After the neural tube closes, neuroepithelial cells begin expressing markers such as vimentin and nestin, marking the point at which radial glial cells appear in the cerebral cortex. Whether neuroepithelial cells represent truly unique neural stem cells that generate a distinct population of radial glial cells through division or whether neuroepithelial cells initiate the expression of new proteins at the onset of cortical neurogenesis remains to be determined. During early stages of cortical development, the cerebral cortex is composed almost entirely of proliferative radial glial cells that divide at the ventricular surface. At the onset of neurogenesis, radial glial cells begin generating both IP cells and cortical neurons, which migrate away from the ventricle. Neurons migrate to a superficial position to form the cortical mantle and IP cells migrate away from the ventricular surface and establish the SVZ as a distinct proliferative layer superficial to the VZ. The IP cells are mostly concentrated in the SVZ, but they are also distributed throughout the upper VZ and the lower intermediate zone.3- 5 The SVZ is initially seeded by IP cells generated by radial glial cells, but at later stages of cortical development the SVZ progenitor cell pool may expand through symmetric proliferative IP cell divisions.4 In addition, progenitor cells from the ventral telencephalon may migrate into the dorsal cortex to contribute to the cortical SVZ progenitor pool. Thus, from the midstages of cortical neurogenesis onward, the size of the SVZ expands. In contrast, the VZ reaches its peak size in the midstages of neurogenesis, after which it begins to shrink. When cortical neurogenesis is complete, radial glial cells transform into astrocytes and exit the VZ, which thins to a single layer of ependymal cells in the postnatal cortex.2 As a result, the proliferative IP cells become a progressively larger component of the cortical progenitor cell pool and represent the majority of mitotic progenitor cells by end stages of embryonic neurogenesis.1 Furthermore, while only a single layer of VZ cells remain in postnatal animals, large numbers of mitotic IP cells are present in the SVZ in postnatal animals and persist into adulthood.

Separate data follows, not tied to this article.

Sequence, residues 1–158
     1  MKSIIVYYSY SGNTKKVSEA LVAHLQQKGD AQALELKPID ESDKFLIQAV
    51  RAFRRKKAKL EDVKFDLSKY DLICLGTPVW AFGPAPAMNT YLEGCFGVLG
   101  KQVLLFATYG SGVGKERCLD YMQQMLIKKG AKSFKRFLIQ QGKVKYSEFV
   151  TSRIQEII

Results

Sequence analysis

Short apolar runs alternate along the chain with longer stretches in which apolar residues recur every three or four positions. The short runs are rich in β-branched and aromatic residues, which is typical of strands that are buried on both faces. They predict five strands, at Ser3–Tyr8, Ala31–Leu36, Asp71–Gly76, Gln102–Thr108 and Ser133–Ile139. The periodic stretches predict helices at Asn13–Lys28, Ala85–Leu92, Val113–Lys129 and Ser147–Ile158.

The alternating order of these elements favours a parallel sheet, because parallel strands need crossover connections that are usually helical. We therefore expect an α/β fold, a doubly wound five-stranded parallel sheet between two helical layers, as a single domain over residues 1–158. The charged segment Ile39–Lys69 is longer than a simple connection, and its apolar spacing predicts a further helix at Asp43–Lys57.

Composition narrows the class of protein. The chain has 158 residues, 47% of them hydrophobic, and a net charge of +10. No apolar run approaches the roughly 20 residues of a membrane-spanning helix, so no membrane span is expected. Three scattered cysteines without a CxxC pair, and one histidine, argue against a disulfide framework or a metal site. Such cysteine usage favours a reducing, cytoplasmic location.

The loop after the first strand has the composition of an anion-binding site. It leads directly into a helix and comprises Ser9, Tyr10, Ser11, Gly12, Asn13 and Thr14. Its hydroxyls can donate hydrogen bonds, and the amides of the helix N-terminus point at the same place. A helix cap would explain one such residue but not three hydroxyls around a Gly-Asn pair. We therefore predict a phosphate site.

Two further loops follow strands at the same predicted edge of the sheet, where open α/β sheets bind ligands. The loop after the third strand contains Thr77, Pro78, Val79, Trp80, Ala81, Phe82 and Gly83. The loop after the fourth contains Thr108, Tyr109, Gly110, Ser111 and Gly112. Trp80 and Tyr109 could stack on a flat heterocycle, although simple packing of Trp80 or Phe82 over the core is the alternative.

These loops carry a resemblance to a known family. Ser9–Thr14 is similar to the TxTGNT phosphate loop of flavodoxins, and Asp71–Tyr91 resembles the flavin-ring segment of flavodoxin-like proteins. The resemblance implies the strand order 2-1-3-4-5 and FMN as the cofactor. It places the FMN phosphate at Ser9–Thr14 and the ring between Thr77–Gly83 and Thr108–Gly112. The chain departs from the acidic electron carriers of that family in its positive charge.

Radial glial cells and IP cells have distinguishing morphological features, behavioral characteristics, and protein expression patterns that set them apart. Radial glial cells are bipolar pseudostratified epithelial cells with a cell body located in the VZ, a single descending process that contacts the ventricular lumen, and a long thin ascending process with multiple endfeet that contributes to the glia limitans directly under the pia mater of the developing brain. Radial glia appear to maintain contact with the ventricular and pial surfaces throughout cortical neurogenesis and also make contact with blood vessels. Radial glial cells exhibit an up-and-down interkinetic nuclear movement during the cell cycle such that the nucleus moves away from the ventricle during G1 phase, enters S phase at the top of the VZ, reapproaches the ventricle during G2 phase, and passes through M phase at the ventricular surface. Radial glia express a variety of proteins and transcription factors such as vimentin, nestin, and Pax6 that can be used to identify these cells. In addition, radial glia express many phosphorylated proteins during the M phase, such as phosphorylated vimentin, phosphorylated growth-associated protein-43 (human monoclonal antibody 2G12), and phosphorylated histone H3. These phosphorylated markers label the cell body of the mitotic radial glial cells and also a portion of the ascending pial fiber, which remains intact throughout mitosis.4 These morphological characteristics, combined with the known position of mitotic radial glial cells at the ventricular surface, allow for their rapid identification with M-phase markers.